WGBH Radio WGBH Radio theclassicalstation.org

Mahler: Symphony No 1 / Jurowski, London PO

Mahler / Jurowski / London Philharmonic Orchestra
Release Date: 05/28/2013 
Label:  Lpo   Catalog #: 70  
Composer:  Gustav Mahler
Conductor:  Vladimir Jurowski
Orchestra/Ensemble:  London Philharmonic Orchestra
Number of Discs: 2 
Recorded in: Stereo 
In Stock: Usually ships in 24 hours.  

Notes and Editorial Reviews

MAHLER Symphony No. 1 (incl. “Blumine”) Vladimir Jurowski, cond; London PO LPO 0070 (60:51)

This is one of the better Mahler Firsts available on disc at the moment. For starters, the London Philharmonic Orchestra plays with complete unanimity of purpose and notable polish, especially the woodwinds and solo trumpet. The latter gets more of a chance than usual, because this performance includes the rejected “Blumine” movement (placed second), where the trumpet carries the melody Read more for much of the time. Then, there is Jurowski’s leadership: This conductor not only has a thorough concept of the piece as a whole but carefully shapes every individual episode. And Mahler is nothing if not episodic!

His detailed pointing includes the little chromatic bassoon figure under the Wayfarer theme in the first movement, bringing a real touch of rustic character to that passage; indeed, the entire opening paragraph of the symphony is built steadily and convincingly towards the point where the full orchestra bursts forth. Another detail is the sighing glissando in the falling string figure that appears in the development section. This part of the first movement often hangs fire after the ebullient opening, but Jurowski retains focus, emphasizing the mystery and contrast. The coda is tight and snappy, played with a blazing energy that is bracingly joyous.

The “Blumine” serenade that Mahler jettisoned after the fourth performance is lovingly played and well integrated into the whole. Jurowski reports that he included it because the Second and Third symphonies also have an intermezzo following the first movement, so the inclusion “makes the links between the first three symphonies more apparent.” My opinion is: The more Mahler we hear, the better—but it is easy enough to program this movement out if you want to. Both the following movements encompass their moments of rusticity without lurching into a different stylistic area. In the Klezmer passages of the fourth movement, an earthier timbre is not encouraged (as in the performances by Bernstein and Kubelík) but neither is the result too mellow (as in Eschenbach’s excellent recording) because Jurowski’s musicians point the music so crisply. The hushed middle section, also derived from Lieder eines fahrenden Gesellen , is beautifully shaped.

The finale is full of individual touches, and I particularly like the way Jurowski does not anticipate the grandeur of the closing pages; some conductors make this movement too self-important. The first subtle appearance of the chorale is given with no Ritardando : It sounds like another jaunty little pastoral theme, and if you didn’t know the symphony you would have no inkling of where Mahler was about to take it. Nor does Jurowski make a meal of the lovely, lyrical theme that follows the explosive opening: While Mahler originally described the finale “the expression of the feelings of a deeply wounded heart,” he later dropped such descriptions from the program. Jurowski ensures that the emotion inherent in the music does not overwhelm the structure of the whole work.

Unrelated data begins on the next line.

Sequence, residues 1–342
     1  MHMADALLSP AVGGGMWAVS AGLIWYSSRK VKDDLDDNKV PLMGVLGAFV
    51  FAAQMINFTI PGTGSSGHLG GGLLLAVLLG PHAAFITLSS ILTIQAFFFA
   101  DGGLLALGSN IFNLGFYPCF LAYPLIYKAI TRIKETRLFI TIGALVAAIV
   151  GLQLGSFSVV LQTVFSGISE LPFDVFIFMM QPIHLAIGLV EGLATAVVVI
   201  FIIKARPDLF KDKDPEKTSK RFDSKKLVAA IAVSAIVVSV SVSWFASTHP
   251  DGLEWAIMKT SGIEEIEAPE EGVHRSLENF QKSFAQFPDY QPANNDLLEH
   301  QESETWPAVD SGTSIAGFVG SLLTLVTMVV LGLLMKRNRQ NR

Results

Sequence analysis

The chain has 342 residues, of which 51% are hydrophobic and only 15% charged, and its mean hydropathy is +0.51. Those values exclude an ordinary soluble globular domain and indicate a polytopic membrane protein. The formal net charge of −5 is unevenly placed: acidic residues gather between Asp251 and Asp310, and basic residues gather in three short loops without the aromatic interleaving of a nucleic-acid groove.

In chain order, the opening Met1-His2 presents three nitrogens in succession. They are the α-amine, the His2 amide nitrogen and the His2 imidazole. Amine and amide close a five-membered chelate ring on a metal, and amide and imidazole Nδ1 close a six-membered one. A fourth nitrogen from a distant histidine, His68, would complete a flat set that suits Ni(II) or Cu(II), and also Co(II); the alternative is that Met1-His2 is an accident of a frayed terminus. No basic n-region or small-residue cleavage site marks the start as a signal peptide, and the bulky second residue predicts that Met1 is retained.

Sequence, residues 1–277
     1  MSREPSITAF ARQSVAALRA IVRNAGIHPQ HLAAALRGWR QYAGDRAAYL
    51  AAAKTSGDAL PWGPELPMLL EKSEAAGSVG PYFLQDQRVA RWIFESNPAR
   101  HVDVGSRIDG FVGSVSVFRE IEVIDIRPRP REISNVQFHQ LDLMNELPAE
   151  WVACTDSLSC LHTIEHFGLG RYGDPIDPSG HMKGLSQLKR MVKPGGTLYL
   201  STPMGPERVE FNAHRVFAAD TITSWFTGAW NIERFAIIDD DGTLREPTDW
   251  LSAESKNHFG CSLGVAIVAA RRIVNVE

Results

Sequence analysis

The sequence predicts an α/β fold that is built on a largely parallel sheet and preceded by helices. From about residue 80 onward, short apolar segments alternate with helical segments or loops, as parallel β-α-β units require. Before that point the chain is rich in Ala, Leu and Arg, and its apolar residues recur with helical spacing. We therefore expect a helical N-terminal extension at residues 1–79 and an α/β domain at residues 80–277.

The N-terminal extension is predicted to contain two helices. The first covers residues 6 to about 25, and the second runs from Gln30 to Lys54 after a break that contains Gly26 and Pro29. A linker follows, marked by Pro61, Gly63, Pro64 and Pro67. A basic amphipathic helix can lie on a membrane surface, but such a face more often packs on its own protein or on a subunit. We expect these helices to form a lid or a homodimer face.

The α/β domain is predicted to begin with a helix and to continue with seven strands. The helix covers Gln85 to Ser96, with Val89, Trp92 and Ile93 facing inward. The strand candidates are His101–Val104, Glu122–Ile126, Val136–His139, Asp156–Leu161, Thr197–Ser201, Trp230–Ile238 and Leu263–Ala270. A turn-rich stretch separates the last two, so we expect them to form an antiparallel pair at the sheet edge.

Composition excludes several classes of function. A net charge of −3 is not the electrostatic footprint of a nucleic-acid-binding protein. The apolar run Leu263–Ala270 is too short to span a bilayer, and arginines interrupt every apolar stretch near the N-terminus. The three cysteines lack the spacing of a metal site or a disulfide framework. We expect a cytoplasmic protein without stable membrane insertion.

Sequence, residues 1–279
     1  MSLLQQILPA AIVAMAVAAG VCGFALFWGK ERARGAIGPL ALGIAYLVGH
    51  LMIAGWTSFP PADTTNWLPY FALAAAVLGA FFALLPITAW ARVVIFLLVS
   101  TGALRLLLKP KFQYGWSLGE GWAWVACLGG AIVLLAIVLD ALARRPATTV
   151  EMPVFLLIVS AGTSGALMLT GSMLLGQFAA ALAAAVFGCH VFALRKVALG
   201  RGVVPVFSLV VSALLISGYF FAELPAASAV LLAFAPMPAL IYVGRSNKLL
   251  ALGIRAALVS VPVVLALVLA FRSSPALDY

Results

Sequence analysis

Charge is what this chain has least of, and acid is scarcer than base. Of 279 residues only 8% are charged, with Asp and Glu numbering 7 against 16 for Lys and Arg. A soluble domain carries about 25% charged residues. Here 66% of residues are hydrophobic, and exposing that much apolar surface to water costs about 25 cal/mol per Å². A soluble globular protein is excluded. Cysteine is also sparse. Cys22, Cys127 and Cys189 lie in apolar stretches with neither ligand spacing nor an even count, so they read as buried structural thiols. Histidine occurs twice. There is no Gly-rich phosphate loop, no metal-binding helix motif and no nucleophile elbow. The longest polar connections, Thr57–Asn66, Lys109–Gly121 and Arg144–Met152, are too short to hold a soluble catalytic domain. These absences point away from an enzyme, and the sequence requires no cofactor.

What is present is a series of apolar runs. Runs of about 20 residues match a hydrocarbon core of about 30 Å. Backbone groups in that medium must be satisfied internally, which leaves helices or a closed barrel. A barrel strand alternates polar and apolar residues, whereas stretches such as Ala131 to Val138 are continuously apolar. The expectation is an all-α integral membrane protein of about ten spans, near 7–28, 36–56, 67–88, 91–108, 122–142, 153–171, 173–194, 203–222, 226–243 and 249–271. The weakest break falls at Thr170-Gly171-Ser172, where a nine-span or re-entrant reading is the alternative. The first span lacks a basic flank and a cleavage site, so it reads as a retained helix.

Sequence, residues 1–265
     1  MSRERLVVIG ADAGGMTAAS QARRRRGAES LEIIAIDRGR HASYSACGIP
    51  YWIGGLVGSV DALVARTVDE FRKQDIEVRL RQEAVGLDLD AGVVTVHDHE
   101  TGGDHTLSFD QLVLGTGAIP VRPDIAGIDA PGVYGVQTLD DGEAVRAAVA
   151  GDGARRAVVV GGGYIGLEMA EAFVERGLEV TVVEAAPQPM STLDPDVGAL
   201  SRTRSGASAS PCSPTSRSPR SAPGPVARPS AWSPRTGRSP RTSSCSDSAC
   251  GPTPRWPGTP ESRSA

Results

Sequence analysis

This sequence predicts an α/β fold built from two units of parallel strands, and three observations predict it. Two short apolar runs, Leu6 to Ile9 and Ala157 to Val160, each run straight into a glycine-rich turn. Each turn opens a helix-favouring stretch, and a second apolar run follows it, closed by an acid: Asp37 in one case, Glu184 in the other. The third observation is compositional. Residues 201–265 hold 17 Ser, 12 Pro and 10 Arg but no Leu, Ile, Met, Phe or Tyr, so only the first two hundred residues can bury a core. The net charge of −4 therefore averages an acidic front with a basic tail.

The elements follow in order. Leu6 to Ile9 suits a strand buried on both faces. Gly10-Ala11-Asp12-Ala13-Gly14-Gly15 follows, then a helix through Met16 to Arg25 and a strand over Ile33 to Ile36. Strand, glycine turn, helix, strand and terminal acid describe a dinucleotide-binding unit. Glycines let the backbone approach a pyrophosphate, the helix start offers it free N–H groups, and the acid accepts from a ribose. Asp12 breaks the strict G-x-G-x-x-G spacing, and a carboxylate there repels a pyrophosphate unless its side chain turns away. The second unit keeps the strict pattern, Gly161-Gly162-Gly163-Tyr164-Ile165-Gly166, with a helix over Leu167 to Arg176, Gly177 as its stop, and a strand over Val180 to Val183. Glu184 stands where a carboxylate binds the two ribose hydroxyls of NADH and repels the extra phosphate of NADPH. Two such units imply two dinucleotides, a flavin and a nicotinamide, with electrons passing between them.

I liked the recent Baltimore version with Marin Alsop ( Fanfare 36:4), but Jurowski’s cleanly recorded live performance leaves it behind in terms of detail and character. The new recording also beats its most obvious competitor: a live recording by Valery Gergiev conducting the London Symphony Orchestra on the LSO house label. The LSO plays wonderfully, of course, showing greater passion at the outset of the finale, but Gergeiv’s level of commitment seems to wax and wane throughout the performance. Jurowski’s control and focus are to be preferred. Enthusiastically recommended.

FANFARE: Phillip Scott
Read less

Works on This Recording

Symphony no 1 in D major "Titan": Blumine by Gustav Mahler
Conductor:  Vladimir Jurowski
Orchestra/Ensemble:  London Philharmonic Orchestra
Period: Romantic 
Written: 1884-1888; Leipzig, Germany 
Symphony no 1 in D major "Titan" by Gustav Mahler
Conductor:  Vladimir Jurowski
Orchestra/Ensemble:  London Philharmonic Orchestra
Period: Romantic 
Written: 1888/1896 

Customer Reviews

Average Customer Review:  3 Customer Reviews )
 Gorgeous! June 26, 2013 By Chris S. See All My Reviews "What a gorgeous rendering of this classic recording! Quality and musicality are top notch. While it might seem small, I love the English translations of the movement names - it gives the listener a sense of what to expect and takes some of the pretentious stereotype away from classical music!" Report Abuse